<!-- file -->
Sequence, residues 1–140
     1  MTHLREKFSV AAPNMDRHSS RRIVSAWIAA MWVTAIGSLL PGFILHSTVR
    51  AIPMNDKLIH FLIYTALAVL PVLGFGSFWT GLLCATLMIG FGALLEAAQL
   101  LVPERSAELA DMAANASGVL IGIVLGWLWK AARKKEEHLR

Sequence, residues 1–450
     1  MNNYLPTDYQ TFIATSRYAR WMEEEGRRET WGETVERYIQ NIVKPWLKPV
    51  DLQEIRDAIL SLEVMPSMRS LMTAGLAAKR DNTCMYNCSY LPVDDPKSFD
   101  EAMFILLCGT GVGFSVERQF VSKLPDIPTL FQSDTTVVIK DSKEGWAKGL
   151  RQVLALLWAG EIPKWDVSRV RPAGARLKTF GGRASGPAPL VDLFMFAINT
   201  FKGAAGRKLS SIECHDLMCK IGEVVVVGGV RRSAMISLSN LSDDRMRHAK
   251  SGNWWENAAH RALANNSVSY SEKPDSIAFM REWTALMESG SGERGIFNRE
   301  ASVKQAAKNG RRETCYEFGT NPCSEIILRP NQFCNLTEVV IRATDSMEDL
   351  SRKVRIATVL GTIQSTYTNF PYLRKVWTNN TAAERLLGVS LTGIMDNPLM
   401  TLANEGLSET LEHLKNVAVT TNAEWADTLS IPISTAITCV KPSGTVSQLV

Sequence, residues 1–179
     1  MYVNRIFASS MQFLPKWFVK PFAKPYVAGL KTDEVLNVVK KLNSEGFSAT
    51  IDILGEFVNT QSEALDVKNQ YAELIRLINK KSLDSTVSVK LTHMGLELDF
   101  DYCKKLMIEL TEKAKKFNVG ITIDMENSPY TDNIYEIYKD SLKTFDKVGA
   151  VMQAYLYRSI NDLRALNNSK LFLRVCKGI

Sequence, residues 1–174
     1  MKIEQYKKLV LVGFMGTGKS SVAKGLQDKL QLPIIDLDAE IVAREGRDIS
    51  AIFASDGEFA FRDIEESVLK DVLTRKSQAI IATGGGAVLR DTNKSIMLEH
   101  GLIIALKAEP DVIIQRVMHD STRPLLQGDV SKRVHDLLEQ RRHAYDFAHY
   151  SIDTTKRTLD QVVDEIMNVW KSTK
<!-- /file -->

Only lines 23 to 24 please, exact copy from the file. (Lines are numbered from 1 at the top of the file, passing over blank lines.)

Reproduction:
   101  GLIIALKAEP DVIIQRVMHD STRPLLQGDV SKRVHDLLEQ RRHAYDFAHY
   151  SIDTTKRTLD QVVDEIMNVW KSTK